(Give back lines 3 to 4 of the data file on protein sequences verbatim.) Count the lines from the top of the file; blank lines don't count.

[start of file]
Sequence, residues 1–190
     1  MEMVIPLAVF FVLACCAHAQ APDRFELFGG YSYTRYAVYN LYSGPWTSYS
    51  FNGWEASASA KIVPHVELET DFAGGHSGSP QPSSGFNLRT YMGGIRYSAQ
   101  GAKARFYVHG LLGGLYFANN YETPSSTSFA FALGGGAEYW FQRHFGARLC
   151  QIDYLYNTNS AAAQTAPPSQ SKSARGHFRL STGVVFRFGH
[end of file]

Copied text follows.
    51  FNGWEASASA KIVPHVELET DFAGGHSGSP QPSSGFNLRT YMGGIRYSAQ
   101  GAKARFYVHG LLGGLYFANN YETPSSTSFA FALGGGAEYW FQRHFGARLC